That has meant that many a client has either brought in messy-to-count single bills, or expected change — when change was usually not available.   It has also made the addition of legal fees and court filing fees a little bit more troublesome.
 
Now, according to the proposed H.R. 4506 Bill, these filing fees will increase by one buck, to the even sum of $275 and $300.  Chapter 11 fees will rise by $42.
 
This Bankruptcy Bill passed the house on March 12, 2010.  Last week, the Senate Judiciary Committee reported favorably on it.
 
I have been opposed to every filing fee increase to date.  But this one I actually welcome.
 
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Brooklyn Bankruptcy Judge Dennis E. Milton Passes Away

Posted on Tuesday (June 1, 2010) at 1:00 pm to Central Islip Bankruptcy Court & Judges
Current Events

 Written by Craig D. Robins, check Esq.
 

salve 2010″ src=”http://longislandbankruptcyblog.com/wp-content/uploads/2010/06/in-sympathy-266×270.jpg” alt=”Brooklyn Bankruptcy Court Judge Dennis E. Milton passed away May 31, 2010″ width=”266″ height=”270″ />

 UPDATE:  Click here for Bankruptcy Judge Dennis E. Milton Funeral Service Information

 

Last night, Judge Milton passed away.  He had been battling cancer for several years.  He had served as a bankruptcy judge in the Eastern District of New York, in the Brooklyn Bankruptcy Court.

 
Upon recently becoming unable to continue regularly appear on the bench, visiting Judge Joel B. Rosenthal was recalled to serve in his place.  Judge Rosenthal has been sitting in Brooklyn since May 17, 2010 and, for now, will continue to do so until September 3, 2010.
 
Judge Dennis E. Milton became a bankruptcy judge on April 30, 2001.  Before his appointment, he practiced for more than 25 years as a litigator in a broad variety of areas, which included criminal defense, criminal prosecution, municipal law, bankruptcy, intellectual property and labor law. 
 
Judge Milton attended Regis High School in New York City, Columbia College and the Fordham University School of Law, where he served as Notes Editor on the Urban Law Journal. 
 
After graduating law school, Judge Milton joined the white collar criminal defense firm of McGuire & Lawler, which was counsel in many prominent cases, including the successful defense of two Warner-Lambert executives following an explosion at the American Chicle facility in Long Island City in 1977 and the representation of the co-defendant in the Reverend Moon federal tax evasion trial and appeal. 
 
Thereafter, Judge Milton served as an Assistant United States Attorney for the Eastern District of New York, where he was one of the three attorneys who founded the Long Island satellite office in 1985.
 
As an Assistant United States Attorney in the Criminal Division, Judge Milton obtained the indictment, extradition and conviction of defense contractors selling military helicopter parts to a European supplier for trans-shipment to Iran in violation of the Arms Export Control Act; and prosecuted matters such as tax evasion; bank frauds involving check kiting schemes, credit card fraud, false entries on bank records, money laundering, illegal transfers and sale of firearms; criminal trademark infringement; and crimes related to the obstruction of justice.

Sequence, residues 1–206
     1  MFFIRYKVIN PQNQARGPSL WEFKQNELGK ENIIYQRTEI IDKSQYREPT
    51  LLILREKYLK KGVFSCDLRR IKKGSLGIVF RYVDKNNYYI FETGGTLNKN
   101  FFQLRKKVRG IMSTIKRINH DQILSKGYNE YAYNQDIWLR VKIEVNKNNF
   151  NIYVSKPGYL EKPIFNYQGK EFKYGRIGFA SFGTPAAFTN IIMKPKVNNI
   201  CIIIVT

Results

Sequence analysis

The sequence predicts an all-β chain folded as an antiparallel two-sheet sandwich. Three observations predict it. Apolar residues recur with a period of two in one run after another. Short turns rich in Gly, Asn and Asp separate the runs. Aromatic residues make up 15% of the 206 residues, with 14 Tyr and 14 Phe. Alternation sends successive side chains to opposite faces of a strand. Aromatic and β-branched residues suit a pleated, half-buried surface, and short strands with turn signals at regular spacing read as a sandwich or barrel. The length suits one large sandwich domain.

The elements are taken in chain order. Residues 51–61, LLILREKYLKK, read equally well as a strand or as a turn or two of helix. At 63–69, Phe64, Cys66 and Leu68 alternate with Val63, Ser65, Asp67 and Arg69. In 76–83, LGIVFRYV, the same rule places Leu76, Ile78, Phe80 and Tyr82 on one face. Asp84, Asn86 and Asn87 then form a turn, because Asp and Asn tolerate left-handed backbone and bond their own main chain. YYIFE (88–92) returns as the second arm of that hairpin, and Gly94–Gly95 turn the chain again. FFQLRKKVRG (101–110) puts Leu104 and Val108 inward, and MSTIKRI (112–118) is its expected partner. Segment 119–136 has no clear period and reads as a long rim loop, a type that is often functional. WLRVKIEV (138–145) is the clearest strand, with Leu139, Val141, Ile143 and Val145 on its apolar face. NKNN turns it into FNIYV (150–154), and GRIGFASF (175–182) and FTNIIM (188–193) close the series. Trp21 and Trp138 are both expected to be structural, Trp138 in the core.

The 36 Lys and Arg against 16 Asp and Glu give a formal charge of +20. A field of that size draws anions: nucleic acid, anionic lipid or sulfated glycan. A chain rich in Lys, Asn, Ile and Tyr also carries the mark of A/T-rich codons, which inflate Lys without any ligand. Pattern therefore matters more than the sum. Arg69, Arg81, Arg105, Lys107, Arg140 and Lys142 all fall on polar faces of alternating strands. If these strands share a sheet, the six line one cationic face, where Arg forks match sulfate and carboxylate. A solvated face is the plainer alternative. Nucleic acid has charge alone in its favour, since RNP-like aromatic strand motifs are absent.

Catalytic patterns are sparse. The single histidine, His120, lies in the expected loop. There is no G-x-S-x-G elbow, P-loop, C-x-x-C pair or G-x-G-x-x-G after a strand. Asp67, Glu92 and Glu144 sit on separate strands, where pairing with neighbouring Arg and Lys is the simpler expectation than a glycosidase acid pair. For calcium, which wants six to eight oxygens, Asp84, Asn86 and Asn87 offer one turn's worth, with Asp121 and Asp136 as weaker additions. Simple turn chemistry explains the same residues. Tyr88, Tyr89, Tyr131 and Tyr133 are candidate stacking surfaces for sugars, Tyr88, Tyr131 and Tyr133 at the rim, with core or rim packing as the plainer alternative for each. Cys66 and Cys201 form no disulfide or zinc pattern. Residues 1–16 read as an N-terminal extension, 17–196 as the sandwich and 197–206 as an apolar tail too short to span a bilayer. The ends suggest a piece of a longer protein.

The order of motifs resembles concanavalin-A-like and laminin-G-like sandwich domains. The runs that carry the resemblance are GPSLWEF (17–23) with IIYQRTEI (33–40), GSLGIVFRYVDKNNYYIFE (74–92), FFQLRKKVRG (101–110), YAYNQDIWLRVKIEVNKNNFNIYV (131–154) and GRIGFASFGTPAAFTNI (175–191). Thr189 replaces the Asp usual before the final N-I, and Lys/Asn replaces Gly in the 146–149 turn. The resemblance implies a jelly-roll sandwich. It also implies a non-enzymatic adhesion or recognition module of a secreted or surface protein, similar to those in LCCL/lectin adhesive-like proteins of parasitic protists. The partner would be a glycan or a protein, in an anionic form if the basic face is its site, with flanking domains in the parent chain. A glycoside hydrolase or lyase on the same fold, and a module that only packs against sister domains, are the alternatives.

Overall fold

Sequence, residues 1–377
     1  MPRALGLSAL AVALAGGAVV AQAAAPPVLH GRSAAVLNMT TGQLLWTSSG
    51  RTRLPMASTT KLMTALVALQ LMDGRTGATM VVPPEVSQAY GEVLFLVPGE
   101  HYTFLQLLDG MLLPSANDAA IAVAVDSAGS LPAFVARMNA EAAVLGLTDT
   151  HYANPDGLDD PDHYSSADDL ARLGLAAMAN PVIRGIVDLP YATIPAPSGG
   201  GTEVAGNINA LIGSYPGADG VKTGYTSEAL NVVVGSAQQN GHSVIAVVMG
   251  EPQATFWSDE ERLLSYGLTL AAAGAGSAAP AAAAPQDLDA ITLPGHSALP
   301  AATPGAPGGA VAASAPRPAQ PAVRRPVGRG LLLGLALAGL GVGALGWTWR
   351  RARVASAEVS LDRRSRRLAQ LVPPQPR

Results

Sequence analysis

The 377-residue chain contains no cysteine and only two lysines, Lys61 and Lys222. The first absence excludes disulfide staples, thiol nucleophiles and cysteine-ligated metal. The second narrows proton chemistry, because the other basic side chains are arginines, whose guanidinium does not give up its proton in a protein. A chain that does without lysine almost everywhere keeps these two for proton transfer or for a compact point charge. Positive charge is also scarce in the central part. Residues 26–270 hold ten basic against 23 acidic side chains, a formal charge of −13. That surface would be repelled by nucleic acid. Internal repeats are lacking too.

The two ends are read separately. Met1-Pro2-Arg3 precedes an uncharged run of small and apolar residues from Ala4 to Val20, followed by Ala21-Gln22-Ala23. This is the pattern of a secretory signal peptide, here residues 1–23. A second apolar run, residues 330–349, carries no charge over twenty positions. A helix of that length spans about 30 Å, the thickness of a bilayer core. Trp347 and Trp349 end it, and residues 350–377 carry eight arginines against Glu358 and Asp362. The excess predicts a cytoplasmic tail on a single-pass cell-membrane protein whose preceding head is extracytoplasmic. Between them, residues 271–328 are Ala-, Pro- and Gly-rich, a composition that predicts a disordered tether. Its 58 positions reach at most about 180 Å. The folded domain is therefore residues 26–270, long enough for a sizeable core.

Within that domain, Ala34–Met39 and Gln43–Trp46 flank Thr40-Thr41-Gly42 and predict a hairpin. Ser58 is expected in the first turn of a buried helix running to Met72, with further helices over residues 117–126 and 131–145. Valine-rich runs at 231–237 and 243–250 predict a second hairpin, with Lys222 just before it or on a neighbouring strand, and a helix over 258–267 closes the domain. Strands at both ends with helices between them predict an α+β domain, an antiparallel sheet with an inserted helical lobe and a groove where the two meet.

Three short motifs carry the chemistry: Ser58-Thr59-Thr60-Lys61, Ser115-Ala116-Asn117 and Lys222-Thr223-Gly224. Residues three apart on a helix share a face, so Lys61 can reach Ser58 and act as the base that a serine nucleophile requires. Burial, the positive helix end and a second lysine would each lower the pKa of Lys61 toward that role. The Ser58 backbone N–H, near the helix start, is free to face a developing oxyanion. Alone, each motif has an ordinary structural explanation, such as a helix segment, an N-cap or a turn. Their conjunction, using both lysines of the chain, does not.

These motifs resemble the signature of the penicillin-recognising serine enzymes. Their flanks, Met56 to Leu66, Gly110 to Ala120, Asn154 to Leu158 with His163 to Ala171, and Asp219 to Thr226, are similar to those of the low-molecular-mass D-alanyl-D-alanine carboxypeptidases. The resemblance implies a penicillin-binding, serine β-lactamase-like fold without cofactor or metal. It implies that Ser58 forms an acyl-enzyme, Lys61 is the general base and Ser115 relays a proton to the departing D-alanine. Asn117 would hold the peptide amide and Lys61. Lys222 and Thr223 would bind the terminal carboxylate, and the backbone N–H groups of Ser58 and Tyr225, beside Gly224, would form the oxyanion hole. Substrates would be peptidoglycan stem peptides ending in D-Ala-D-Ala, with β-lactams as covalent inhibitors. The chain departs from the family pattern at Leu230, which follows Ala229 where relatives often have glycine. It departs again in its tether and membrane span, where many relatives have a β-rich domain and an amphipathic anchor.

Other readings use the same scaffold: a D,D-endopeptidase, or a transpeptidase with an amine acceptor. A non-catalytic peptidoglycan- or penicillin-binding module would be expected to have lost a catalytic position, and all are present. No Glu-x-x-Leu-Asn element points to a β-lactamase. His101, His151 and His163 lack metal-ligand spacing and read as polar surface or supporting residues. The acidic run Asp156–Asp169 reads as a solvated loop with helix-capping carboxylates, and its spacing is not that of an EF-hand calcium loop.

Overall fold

From 1988 through 1991, Judge Milton served as Chief Deputy County Attorney for the County of Suffolk Department of Law. Judge Milton was the chief administrative officer for an office consisting of 57 municipal attorneys and was the chief liaison officer with county agencies in contract, labor and tax matters.  He argued several tax and bankruptcy appeals before the Second Circuit Court of Appeals, including In re Parr Meadows Racing Association, Inc.  and was trial counsel in the defense of several federal civil rights cases.  Judge Milton negotiated municipal contracts for county agencies, including a complete overhaul of the county health center hospital contracts. 
 
In 1992, Judge Milton became Special Counsel to Bryan Levitin Franzino & Rosenberg.  Judge Milton represented commercial clients as plaintiffs in commercial mortgage foreclosure proceedings and related litigation in bankruptcy court and in enforcement of contractual obligations in federal court.  In  criminal matters, Judge Milton represented professionals and business executives in federal and state investigations, as well as defendants in federal and state courts.  From November 1996 to his appointment, Judge Milton served as Special Counsel to the Chief Investigator of the Independent Review Board, which oversees the International Brotherhood of Teamsters pursuant to a Consent Order entered in the Southern District.
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Craig D. Robins, Esq. is a Long Island bankruptcy lawyer, who is focused primarily on helping individuals and families, find solutions to their debt problems. Read more »

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Craig D. Robins, Esq.